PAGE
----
• I wanted a user to not have to care about the internals of Pages/Browsers/etc.
So I immediately thought of a context/configuration type that would be a parameter to most functions and allow me to abstract the level of the API away from the page/element mechanics:


The idea was to give the user a way to create this semi-opaque BrowserCtx type from a set of LaunchOptions and then free them from handling the minutia of the browser/page duality.  In the general case, right now, a user will spawn one BrowserCtx per test and operate on it for the duration of the test, like so:


In the future I'd like to expand on this even further so that you could create a context and spawn multiple pages, one per test, from it more easily, because there's not really a need to create an entire browser. That's just for convenience right now.

Polishing it up

Moving on, I wrote some tests with the functions and parameters I'd need to test some simple functionality, like navigating to a URL, waiting for a particular condition, and finding elements by selectors. Naturally these all broke, but defining my use cases in terms of the end result was helpful in figuring out what kind of information I'd need in the BrowserCtx type. I then started filling in the implementations, using the API documentation for Puppeteer as a guide. It's all very rough now, but I ended up with the following basic functions for version 0.1.0:
  • click an element
  • get the current url
  • find all elements matching a selector
  • find a single element by a selector
  • run some arbitrary js
  • read the value from an element
  • navigate to a url
  • wait for a condition to be true on the page
  • write a value to an element
This was enough for me to do several useful tests, and is a good base to build on.  Once I was happy with the API surface, I documented the functions briefly (here's an example from Fuget.org):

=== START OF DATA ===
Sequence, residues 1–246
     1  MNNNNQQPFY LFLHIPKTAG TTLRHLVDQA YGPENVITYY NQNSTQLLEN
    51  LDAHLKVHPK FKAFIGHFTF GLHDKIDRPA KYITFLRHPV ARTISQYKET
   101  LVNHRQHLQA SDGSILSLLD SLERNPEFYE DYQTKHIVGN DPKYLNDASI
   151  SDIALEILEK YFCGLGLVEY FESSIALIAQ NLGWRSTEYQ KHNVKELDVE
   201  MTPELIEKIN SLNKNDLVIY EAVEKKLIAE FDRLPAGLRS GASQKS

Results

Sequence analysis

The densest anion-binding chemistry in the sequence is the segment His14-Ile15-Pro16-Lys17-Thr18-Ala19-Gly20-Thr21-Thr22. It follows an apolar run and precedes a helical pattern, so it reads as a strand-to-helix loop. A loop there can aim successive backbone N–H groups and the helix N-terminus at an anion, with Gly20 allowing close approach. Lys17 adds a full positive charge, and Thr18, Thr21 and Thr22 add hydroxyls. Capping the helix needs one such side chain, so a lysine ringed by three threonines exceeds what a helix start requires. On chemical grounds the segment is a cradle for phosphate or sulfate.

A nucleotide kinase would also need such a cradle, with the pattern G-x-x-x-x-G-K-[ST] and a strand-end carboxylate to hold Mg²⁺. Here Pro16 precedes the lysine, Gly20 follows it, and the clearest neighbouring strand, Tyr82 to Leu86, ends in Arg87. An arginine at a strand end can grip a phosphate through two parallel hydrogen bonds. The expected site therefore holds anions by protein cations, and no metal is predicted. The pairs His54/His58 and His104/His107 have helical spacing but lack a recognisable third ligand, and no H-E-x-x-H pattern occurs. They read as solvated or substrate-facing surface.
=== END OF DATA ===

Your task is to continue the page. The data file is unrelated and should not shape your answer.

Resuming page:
It's a start, alright?

At this point all that was left to do in my little library was publish the package to nuget and coin a github release. Thanks to MiniScaffold, this only required three things:
  1. Establishing an account on Nuget.org (I had already done this)
  2. Making a Github Personal Access Token to create the release, and setting it to the GITHUB_TOKEN environment variable
  3. running './build.sh Release'
At the end of that process I could go to Figurine's Nuget page and the GitHub releases page to see the results of my work.

Wrapping up

At the end of this process I got a lot for free from MiniScaffold and its integrations with other dotnet tools:
  • Appveyor/Travis CI builds (which are breaking right now because I need an environment-agnostic way to download chrome, but....)
  • Release Management
  • Code Coverage (checkout the docs/ folder of the repo for the coverage report)
But there's still more that I need to do to really polish off Figurine, not all of which is actual code!  I need to
  • Write actual documentation and host it automatically
  • Work on the nuspec to add in better descriptions, icon, etc
  • Get the CI builds working consistently
  • Expand the capability of the library itself
But each of these things is doable, and more importantly I got a head-start on all of them _for free_ by using the work of other members of the community.  And for the first point, I can work with Jimmy and other maintainers to get documentation-generation into the MiniScaffold template itself and then everyone will get the benefit of docs out-of-the-box.

I'm very glad that it's so easy to get the grunt work of productionalizing a library out of the way these days. Between dotnet sdk templates, the mainstreaming of sourcelink, and the unification onto .netstandard2.0, it's never been less hassle to share your code with others, so get out there and share some of your own!